Oropharyngeal surgery includes uvulopalatopharyngoplasty (UPPP), another crucial treatment modality for mild and moderate OSA. However, the reported success rate in unselected patients has been as low as 40% [37]. Thus, physicians should consider additional—if not alternative—CPAP treatment for patients in whom surgery is ineffective. A prospective cross-sectional study with 47 OSA patients undergoing CPAP therapy reported that upper airway occlusion caused by tonsillar hypertrophy, may increase pressure in CPAP therapy. This study suggests that correcting this problem may be effective in increasing CPAP compliance [38]. Accordingly, we reviewed several studies that compared CPAP compliance between patients with and without history of oropharyngeal surgery for OSA. Hong et al. [39] retrospectively conducted such an evaluation of 86 patients and reported that the CPAP compliance rate was higher in the surgery group than in the control group three months after initiation of CPAP treatment, although the difference was statistically insignificant (87.5% vs. 60.7%, respectively; p = 0.243). However, the mean daily hours of usage was significantly higher in the surgery compared with the control group (6.39 h/day vs. 4.73 h/day, respectively; p = 0.007). Similarly, Azbay et al. [40] reported that among 67 CPAP-intolerant patients, 32 tolerated CPAP well after oropharyngeal surgery. Additionally, results from the two other studies investigating CPAP pressure reduction after oropharyngeal surgery also support increases in CPAP compliance [38,41].

SEVERITY OF OSA

We found several studies reporting that the severity of OSA according to apnea hypopnea index (AHI), respiratory disturbance index (RDI), nocturnal desaturation, and oxygen desaturation index (ODI) could affect compliance with CPAP treatment. Riachy et al. [42] conducted a cross-sectional cohort study with 138 OSA patients who underwent CPAP treatment and reported that mean RDI (33.41 ± 24.70 vs. 22.96 ± 19.28; p = 0.028) and ODI (24.86 ± 23.18 vs. 14.64 ± 18.83; p = 0.023) were significantly higher, and nadir oxygen saturation (80.33 ± 10.86% vs. 85.18 ± 16.88%; p = 0.017) was significantly lower in the compliant group three months after initiation of CPAP therapy. They also reported that mean RDI (34.90 ± 24.40 vs. 27.00 ± 22.90; p = 0.050) and ODI (26.80 ± 24.60 vs. 18.10 ± 20.60; p = 0.029) were significantly higher in the compliant group at the end of the observation. Additionally, higher ODI at diagnosis [hazard ratio (HR) 0.98; p = 0.048] was independently associated with short-term compliance with CPAP therapy. CamposRodriquez et al. [43] conducted a prospective cross-sectional study with 357 non-sleepy OSA patients who received CPAP treatment and reported that AHI [46.5 (95% CI 33.0–63.0) vs. 33.0 (95% CI 26.5–52.5); p < 0.001] and the percentage of duration with oxygen desaturation < 90% [10.0 (95% CI 2.2–27.0) vs. 5.0 (95% CI 1.1–15.0); p < 0.001] were significantly higher in the compliant group. Baratta et al. [44] conducted a prospective study with 295 patients with moderate or severe OSA syndrome (OSAS; AHI ≥ 15 events/h) with a median follow-up of 74.8 months and reported that lower severity of OSAS [HR 0.66 (95% CI 0.46–0.94); p < 0.023] was an independent predictor of non-compliance with CPAP therapy. Also, a large cohort study performed by Kohler et al. [15] reported that ODI was independently associated with long-term compliance with CPAP [HR per 1 event, 0.97 (95% CI 0.96–0.98); p < 0.001]. Thus, various parameters reflecting the severity of OSA appeared to be significantly associated with compliance to CPAP therapy; more specifically, as disease severity increased, compliance also increased.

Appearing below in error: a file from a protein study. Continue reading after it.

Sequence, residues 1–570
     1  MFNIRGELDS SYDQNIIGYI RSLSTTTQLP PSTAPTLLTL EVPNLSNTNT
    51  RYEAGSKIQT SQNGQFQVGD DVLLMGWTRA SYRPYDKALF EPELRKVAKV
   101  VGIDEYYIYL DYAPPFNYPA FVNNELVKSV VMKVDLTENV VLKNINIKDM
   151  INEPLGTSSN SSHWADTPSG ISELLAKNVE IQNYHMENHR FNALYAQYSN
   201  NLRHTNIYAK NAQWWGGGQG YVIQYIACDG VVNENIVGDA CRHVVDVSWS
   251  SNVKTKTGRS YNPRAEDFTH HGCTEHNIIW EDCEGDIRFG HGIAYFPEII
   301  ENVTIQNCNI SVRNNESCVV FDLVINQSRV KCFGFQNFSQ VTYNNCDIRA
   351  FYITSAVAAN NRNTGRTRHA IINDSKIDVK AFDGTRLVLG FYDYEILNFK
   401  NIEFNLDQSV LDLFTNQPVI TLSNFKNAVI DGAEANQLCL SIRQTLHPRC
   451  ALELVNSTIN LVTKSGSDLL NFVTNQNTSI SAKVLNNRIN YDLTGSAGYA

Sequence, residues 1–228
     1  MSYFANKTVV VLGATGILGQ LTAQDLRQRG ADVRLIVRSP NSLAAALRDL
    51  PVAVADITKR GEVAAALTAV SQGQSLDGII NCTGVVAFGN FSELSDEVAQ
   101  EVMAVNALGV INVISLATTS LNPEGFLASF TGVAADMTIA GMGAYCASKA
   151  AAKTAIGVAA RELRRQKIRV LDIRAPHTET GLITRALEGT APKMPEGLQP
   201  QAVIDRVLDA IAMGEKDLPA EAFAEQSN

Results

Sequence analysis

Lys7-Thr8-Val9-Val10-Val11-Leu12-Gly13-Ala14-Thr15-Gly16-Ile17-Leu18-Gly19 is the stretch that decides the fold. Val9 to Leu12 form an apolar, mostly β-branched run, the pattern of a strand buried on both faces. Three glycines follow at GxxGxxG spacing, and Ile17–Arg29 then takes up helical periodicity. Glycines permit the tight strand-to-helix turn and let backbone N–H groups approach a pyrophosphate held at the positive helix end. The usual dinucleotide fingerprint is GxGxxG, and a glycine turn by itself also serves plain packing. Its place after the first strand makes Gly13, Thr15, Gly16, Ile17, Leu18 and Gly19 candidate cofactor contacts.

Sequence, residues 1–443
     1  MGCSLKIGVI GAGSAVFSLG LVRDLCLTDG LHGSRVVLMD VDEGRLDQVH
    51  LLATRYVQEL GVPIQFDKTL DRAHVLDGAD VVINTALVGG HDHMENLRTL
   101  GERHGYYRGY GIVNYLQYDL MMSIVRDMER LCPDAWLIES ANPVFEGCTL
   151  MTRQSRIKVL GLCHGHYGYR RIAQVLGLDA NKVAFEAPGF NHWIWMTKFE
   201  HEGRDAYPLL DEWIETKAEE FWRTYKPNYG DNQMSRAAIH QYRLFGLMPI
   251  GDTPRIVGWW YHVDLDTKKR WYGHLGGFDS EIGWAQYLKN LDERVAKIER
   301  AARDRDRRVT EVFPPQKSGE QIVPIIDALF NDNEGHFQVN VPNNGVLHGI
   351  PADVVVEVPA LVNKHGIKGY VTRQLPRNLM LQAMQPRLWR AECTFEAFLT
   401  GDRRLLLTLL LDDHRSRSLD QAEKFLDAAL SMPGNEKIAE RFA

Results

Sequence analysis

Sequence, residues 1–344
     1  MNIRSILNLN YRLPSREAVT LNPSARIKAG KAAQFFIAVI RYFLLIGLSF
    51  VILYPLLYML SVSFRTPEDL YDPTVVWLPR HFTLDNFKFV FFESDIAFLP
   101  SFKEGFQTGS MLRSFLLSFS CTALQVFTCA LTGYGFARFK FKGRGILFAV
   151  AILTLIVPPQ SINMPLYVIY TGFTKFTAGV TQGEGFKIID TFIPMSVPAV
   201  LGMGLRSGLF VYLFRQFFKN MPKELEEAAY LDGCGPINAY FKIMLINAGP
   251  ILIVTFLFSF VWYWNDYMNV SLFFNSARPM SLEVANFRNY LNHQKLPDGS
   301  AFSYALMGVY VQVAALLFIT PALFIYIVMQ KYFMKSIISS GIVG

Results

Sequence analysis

PSYCHOLOGICAL FACTORS